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Why our Integration Tests were down

From some time, one of our projects has the Integration Tests on RED. It seems that randomly, some
tests are failing. This usually happens only on the CI machine (Visual Studio Team Services).
The strangest thing is the behavior. The behavior cannot be reproduced on the development machine. The reported errors are caused by asserts or strange exceptions - for example that an external resources doesn't exist.
From time to time, the error can be reproduced on the local machine, but only once. The fail cannot be reproduced twice on the same machine. After a few sprints and a lot of time invested in this issue, we still had the same problem.

After a review of <the problem,the code, how the tests were written>, the root causes were identified and isolated. Let's see what were the steps and causes of this problem.

Step: Isolate the integration tests in a dedicated build.
Why: You want to reduce the build time us much as possible and run only the tests that you want without affecting the rest of the team. You need an 'isolated' environment where you want to play and test different configuration without sending hundreds of email notification to the team.

Step: Don't try to resolve all the issues in the same.
Why: Take each problem separated, analyze it and fix it. Only after you fixed it go to the second one.

Step: Understand what the test is testing.
Why: If you want to resolve a problem you need to understand what you want to achieve, in our case what is the purpose of the test.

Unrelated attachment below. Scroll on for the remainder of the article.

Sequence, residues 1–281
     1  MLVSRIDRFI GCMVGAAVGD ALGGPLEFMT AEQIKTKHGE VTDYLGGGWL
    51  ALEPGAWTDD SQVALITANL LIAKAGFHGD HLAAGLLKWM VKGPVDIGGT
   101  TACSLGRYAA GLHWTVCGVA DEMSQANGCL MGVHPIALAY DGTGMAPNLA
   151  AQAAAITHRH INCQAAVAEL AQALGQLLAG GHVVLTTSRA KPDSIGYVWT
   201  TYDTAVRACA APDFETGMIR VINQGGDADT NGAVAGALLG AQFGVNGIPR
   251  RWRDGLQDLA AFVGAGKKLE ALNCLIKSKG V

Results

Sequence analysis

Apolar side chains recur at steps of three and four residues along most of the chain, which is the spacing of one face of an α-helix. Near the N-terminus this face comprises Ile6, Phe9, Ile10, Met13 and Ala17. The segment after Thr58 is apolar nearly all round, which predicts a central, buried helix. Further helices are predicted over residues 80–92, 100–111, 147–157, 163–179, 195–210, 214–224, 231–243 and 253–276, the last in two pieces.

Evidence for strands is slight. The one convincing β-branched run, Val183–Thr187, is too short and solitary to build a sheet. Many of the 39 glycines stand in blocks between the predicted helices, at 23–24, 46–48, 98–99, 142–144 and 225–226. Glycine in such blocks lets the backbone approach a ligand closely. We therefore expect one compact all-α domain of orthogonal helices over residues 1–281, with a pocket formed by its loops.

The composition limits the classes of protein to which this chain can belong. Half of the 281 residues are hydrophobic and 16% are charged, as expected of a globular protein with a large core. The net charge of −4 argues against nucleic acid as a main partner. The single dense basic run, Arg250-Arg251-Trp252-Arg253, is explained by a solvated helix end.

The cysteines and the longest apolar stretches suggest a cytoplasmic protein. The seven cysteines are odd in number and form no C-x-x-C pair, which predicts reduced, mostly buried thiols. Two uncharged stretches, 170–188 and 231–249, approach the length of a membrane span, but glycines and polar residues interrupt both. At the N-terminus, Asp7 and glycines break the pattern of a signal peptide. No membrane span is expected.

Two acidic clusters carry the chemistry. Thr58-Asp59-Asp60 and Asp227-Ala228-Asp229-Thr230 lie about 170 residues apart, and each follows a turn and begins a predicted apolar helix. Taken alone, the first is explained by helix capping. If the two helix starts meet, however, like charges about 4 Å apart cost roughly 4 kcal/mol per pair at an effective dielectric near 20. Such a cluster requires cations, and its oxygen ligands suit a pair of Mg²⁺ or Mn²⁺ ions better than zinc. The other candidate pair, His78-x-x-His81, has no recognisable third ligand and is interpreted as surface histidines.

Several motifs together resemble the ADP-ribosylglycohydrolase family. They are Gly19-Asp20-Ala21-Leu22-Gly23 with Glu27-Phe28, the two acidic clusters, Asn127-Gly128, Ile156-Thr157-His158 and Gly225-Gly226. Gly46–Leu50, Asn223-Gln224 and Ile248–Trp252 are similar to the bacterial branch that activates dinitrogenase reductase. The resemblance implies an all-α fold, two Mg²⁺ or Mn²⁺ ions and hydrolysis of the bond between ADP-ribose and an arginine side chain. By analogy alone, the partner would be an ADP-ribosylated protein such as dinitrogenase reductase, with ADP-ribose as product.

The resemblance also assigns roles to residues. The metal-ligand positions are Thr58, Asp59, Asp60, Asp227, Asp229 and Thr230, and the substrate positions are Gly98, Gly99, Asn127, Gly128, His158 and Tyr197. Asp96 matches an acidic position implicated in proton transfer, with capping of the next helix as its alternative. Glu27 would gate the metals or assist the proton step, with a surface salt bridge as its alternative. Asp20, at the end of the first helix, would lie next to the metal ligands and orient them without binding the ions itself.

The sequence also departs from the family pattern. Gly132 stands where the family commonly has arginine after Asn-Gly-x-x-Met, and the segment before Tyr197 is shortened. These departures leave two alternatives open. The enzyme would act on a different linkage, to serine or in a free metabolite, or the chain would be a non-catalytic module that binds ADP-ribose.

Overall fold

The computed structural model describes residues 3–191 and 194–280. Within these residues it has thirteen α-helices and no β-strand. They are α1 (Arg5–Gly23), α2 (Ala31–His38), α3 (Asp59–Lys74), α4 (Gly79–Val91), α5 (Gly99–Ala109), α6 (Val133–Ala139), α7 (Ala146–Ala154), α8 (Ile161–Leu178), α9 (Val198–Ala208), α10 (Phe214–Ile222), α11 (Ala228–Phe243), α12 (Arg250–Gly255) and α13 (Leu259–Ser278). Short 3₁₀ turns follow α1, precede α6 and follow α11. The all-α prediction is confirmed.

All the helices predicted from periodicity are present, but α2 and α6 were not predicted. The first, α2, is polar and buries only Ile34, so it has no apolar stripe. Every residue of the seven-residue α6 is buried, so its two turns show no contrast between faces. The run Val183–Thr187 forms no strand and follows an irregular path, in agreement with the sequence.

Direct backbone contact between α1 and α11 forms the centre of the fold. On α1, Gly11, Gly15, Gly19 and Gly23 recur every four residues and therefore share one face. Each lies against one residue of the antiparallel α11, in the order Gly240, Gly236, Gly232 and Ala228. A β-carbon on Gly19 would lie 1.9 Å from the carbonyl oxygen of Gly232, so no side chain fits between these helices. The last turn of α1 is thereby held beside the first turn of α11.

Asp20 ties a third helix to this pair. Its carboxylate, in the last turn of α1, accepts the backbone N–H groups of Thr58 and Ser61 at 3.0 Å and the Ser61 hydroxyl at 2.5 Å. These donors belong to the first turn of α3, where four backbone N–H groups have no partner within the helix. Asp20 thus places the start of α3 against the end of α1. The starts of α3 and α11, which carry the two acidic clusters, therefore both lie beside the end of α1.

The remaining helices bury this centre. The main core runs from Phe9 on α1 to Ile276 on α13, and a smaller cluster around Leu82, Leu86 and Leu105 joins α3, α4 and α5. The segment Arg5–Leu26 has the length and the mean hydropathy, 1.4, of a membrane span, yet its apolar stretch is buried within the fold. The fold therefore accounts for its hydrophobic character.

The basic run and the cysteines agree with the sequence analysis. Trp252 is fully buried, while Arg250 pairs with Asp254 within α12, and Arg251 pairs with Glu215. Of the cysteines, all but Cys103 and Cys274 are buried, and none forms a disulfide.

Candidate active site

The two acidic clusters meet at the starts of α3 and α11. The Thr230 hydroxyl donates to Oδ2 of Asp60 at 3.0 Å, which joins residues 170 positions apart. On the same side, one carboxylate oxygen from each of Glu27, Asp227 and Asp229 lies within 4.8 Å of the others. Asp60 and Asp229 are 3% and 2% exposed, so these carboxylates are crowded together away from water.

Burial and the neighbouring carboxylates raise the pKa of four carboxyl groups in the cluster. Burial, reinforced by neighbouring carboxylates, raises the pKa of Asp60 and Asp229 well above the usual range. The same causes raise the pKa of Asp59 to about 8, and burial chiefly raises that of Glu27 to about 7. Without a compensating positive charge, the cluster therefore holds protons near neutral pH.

Cause: Avoid refactoring Unit Tests to reduce duplication.
Why: Yes, is nice to have fewer lines of code, but in tests this can be a killer. Once you reduced the number of lines of code from unit tests by extracting in common methods you will need to check that any change that you do to the code will not affect or alter the behavior of all the tests that are using that code.

Cause: Avoid sharing resources between tests from the same test class.
Why: You will end up in one tests to remove or alternate a resource that is needed by another test. A good example here is for tests that cover a special flow that will end up with an error. To be able to throw an error you might change a configuration that is needed by another test.
To avoid this kind of scenarios and share resources between tests you might want to run a preparation or cleanup step before and after each test - the main purpose of this step is to reset the environment to the 'standard' setup.

Cause: Try to fix the tests before understanding what the test is testing.
Why:  Very often we are jumping to the solution, to change the code, the classical try&error mode before making the investigation. This can costs us a lot time and on top of this it can add more bugs and problems to the system, making it more unstable.

Cause: Testing an async method in the same way like a syncmethod. 
Why: In this case this was the root of the strange behavior on the system. Based on the load of the machine and the test order, the async method that was called had enough time to execute before the test ended or not. A few years ago I wrote posts about this topic, where you can find more information about how you can test an async method - topic http://vunvulearadu.blogspot.ro/2013/04/how-to-write-unit-tests-for-async.html

[TestMethod]
public async Task SomeTest() 
{ 
     await .....
}

In our case the main causes were:

  • Testing async methods in the wrong way
  • Refactoring Unit Tests to much
In conclusion I would say that if you have a strange behavior, don't try to resolve it before understanding the root cause of the problem. 

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